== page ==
The answer isn’t as clear cut when it comes to solar. It takes about 5-10 acres per megawatt of land for utility-scale solar generation, and studies indicate that solar at scale is more cost effective and efficient. This is useful in arid regions like the American Southwest, where land is unsuitable for other uses, but ideal for solar farming.

However, the magnitude of this land use is significant: an acreage about the size of South Carolina will be required to reduce U.S. emissions by 80% by 2050 with solar alone. However, land impacts can be reduced by siting solar on land already in use—such as landfills, parking structures, and rooftops. This also puts energy closer to where it is being consumed, reducing the need for additional transmission infrastructure and the impact of grid congestion.

It’s also important to note that, in a life cycle analysis, land use for utility-scale solar is still less than the average U.S. coal-fired power plant. And renewable energy generation requires drastically less water; nearly zero, compared to coal’s average 427 gallons/1622 liters per megawatt hour.

4. Renewables can’t provide for all our electricity needs.

“What about baseload power?” is a common question when it comes to renewable generation. Many are skeptical that the intermittency of wind and solar generation can adequately and reliably meet our growing electricity needs—particularly the fluctuations in peak demand that occur during specific seasons and times of day (a supply-and-demand volatility that has given rise to California’s now infamous “duck” curve).

A 2018 research paper published in the journal Energy and Environmental Science indicates that the U.S. could reach up to 80% penetration of overlapping wind and solar resources, and even as high as 90%. When complemented with other forms of new energy, such as hydropower, biofuels, storage, and demand-response the number achievable is 100% or more. Research from NREL finds that the U.S. could achieve 80% renewable energy penetration by 2050, and that this high renewables scenario will meet electricity demand 24/7.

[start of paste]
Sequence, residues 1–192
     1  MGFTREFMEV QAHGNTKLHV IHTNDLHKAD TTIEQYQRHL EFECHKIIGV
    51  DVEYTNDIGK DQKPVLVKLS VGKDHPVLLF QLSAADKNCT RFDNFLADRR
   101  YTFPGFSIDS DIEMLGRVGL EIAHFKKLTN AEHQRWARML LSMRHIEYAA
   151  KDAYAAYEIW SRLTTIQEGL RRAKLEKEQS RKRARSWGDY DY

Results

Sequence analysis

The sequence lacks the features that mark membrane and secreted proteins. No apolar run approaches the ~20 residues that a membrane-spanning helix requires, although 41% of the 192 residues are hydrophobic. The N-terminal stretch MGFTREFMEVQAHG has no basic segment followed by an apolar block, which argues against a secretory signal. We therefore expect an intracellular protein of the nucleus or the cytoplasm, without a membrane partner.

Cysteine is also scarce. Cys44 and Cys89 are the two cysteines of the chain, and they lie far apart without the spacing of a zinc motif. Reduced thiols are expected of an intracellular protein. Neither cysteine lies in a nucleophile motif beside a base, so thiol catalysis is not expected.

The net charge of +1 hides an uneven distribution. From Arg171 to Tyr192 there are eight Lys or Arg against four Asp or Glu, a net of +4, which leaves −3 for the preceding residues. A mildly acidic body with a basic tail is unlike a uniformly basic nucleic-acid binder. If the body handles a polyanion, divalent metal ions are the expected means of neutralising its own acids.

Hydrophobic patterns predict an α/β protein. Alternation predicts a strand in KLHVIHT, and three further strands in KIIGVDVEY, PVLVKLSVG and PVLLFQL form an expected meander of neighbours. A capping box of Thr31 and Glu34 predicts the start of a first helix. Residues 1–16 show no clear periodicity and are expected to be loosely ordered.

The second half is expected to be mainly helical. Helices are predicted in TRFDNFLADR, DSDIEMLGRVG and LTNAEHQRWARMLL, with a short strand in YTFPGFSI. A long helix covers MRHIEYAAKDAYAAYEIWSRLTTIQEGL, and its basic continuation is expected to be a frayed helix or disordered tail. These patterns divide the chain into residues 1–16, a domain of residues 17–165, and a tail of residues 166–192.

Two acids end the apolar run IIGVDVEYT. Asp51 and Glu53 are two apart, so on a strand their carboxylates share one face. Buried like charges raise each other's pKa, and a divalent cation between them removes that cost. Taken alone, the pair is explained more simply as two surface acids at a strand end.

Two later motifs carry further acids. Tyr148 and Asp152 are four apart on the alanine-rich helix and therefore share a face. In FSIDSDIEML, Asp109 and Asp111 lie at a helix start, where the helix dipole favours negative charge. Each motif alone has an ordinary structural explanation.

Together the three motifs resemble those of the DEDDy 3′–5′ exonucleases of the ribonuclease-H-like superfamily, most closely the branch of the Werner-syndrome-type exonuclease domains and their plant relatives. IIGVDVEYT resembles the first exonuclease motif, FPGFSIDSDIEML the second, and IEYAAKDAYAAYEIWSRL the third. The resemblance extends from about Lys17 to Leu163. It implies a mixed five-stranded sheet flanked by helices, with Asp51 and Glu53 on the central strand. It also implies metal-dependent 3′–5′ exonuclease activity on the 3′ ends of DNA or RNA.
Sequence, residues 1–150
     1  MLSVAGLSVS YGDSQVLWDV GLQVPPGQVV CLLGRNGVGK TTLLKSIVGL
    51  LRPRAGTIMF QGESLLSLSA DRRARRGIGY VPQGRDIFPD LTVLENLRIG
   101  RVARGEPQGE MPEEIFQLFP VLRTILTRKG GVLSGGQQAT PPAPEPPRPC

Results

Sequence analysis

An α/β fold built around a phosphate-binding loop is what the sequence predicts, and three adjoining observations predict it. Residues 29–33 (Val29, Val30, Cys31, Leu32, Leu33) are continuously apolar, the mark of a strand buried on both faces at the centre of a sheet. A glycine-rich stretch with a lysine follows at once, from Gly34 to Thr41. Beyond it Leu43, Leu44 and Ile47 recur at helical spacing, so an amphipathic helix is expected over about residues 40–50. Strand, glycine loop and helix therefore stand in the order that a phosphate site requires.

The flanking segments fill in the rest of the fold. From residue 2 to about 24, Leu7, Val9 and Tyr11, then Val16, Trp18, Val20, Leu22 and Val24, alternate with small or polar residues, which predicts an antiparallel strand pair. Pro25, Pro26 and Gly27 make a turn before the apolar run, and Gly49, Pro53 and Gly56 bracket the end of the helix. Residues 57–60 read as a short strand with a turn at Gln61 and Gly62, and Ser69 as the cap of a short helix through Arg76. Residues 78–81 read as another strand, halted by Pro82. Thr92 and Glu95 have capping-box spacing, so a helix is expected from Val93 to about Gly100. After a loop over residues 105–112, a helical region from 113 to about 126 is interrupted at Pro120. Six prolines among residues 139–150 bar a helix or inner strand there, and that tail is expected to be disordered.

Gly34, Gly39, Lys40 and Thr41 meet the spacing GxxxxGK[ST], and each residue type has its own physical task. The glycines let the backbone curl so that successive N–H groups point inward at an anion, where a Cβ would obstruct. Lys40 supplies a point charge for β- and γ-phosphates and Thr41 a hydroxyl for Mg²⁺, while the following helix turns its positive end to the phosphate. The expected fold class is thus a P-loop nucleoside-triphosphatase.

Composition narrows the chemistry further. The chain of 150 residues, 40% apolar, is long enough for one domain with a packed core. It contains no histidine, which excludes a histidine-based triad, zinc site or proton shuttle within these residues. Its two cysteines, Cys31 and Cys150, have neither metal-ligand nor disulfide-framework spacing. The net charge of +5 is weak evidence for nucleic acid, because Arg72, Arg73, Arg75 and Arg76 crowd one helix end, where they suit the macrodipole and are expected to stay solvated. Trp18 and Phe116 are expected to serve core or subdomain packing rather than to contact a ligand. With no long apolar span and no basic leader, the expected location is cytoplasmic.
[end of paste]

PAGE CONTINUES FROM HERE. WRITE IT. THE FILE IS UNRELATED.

Many countries are already leading the way. Sweden has set a 100% renewable energy target. Costa Rica regularly achieves 90% of its electricity production from renewable sources. Germany has long been noted for its high percentage of renewables penetration, reaching as much as 78% demand with wind and solar.

It’s increasingly apparent that a renewable future is feasible. Renewables are challenging traditional sources of baseload power, including natural gas, and recent research by the North American Electric Reliability Corporation (NERC) show that they are making the grid more reliable, too.

5. Renewables cause global warming

Another myth that continues to plague renewables, and wind power generation in particular.  First covered by popular media in 2012, a controversial and highly debatable new study has again asserted that wind turbines might cause global warming. The study’s flawed analysis was exacerbated by its hypothetical and extreme assumptions of the future energy mix, and the media’s misrepresentation of the findings.